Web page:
This is one of those posts where I am going to try and work out a train of thoughts as I write, which is a bit of a high-wire act (two metaphors for you there, one dead, one ailing). Written language started with pictures – man (person), antelope, water, food, etc. My guess is that these symbols once introduced (together with the appropriate materials for recording them, cave walls having their limitations) were quickly and very widely adopted. Hierogylphs are essentially these ideographs – symbolic pictures representing at first things, and then later more abstract concepts such as actions. From here the development of written language with letters representing sounds may have been quite a leap, but an inevitable one. There are whole libraries worth of study on this topic, so I am not going to embarass myself by trying to summarise this evolution, but wanted to introduce some thoughts about the direction of language today, as influenced by the introduction of emoticons and emojis. 

Because there is an argument, which I wanted to test, that emojis represent a reversion of language back to its earlier origins, a degradation of the complexity of writing to drawing. Pictures with their limit range of meaning are in this context replacing words. Emojis can have a range of meaning depending on the context within which they appear, but they hardly have the subtly of the tens of thousands of words in the English language, nor are they likely to be as dynamic and fluid in their meaning. We have already seen some wit translating the Bible into cockney – will an emoji version be long in following? Probably not, which probably means that the range of meaning we can convey in these symbols is so profoundly limited that they will not replace words. Probably. Will people communicate solely in emojis in future, the written equivalent of grunting at one another? Written language started as drawings – is it reverting back to its origins?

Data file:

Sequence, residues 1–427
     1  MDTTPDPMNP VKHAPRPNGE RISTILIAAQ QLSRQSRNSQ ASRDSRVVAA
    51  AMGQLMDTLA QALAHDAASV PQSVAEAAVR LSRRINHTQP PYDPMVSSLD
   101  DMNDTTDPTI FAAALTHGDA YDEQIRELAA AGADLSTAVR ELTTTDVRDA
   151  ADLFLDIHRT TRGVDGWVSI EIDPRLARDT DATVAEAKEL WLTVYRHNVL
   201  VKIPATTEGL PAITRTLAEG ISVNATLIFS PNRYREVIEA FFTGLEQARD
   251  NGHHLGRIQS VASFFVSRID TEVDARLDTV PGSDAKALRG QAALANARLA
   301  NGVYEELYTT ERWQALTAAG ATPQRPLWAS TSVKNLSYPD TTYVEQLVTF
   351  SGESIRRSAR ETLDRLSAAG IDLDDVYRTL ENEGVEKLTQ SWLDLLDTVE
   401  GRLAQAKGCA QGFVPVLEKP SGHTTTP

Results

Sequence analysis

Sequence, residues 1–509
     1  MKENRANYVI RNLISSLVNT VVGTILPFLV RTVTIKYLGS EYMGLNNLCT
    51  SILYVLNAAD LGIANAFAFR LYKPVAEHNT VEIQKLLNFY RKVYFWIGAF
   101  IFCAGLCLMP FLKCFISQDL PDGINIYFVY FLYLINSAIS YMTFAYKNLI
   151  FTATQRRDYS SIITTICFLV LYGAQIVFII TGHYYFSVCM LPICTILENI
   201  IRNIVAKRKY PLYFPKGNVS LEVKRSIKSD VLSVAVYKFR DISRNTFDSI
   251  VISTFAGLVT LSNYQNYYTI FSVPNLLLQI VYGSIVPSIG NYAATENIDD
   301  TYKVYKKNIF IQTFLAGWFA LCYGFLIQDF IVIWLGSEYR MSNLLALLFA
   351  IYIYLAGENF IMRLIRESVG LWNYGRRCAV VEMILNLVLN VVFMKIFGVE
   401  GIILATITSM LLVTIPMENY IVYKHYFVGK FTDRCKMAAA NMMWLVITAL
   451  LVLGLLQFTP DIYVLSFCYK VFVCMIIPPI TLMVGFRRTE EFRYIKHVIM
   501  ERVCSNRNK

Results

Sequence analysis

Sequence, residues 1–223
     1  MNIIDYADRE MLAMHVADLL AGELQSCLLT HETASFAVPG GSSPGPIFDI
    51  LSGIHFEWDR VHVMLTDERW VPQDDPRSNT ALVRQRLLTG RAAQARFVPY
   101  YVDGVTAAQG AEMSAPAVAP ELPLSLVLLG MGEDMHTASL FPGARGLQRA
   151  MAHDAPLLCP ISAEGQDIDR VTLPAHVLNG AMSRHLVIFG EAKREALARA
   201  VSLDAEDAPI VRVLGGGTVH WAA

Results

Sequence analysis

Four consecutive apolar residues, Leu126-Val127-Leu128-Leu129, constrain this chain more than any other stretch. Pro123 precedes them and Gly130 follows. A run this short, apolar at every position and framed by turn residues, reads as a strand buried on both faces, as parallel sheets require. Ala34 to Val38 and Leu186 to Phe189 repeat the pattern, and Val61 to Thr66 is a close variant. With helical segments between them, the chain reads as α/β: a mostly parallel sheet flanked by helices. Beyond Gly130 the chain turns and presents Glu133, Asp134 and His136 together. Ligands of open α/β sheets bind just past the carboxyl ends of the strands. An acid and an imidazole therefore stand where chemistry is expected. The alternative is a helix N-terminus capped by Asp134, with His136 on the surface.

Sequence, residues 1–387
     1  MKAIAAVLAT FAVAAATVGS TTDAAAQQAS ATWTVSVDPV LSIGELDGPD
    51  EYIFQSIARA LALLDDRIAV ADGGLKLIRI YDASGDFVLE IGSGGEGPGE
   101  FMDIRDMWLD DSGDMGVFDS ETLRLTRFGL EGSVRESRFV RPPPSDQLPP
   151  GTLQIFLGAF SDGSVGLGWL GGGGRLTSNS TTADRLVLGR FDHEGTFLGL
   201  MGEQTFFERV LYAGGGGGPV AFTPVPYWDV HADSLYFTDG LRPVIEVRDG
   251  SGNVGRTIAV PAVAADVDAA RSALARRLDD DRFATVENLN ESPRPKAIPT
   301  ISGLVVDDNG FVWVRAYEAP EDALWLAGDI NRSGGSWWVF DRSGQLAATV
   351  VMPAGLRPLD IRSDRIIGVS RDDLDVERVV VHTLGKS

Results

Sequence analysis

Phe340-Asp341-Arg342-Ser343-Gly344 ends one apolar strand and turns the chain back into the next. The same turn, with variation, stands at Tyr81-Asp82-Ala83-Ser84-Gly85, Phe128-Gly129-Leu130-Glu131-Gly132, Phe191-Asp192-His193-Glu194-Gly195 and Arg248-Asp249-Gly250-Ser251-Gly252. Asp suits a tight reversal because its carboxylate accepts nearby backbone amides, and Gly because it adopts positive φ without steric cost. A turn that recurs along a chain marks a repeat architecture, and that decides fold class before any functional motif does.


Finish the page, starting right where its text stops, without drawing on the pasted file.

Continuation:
On the whole I think not. There’s no evidence that emojis are anything other than a fun way of supplementing short written messages, often in a clever way, breaking out of the tyranny of 26 characters. A winky face can make the ironic tone of a message clear in a much simpler way than laboriously spelling it out. One to watch – will these symbols begin to proliferate and intrude into more formal contexts, outside the setting of texts and emails, and increase in volume and complexity, or have they found their niche?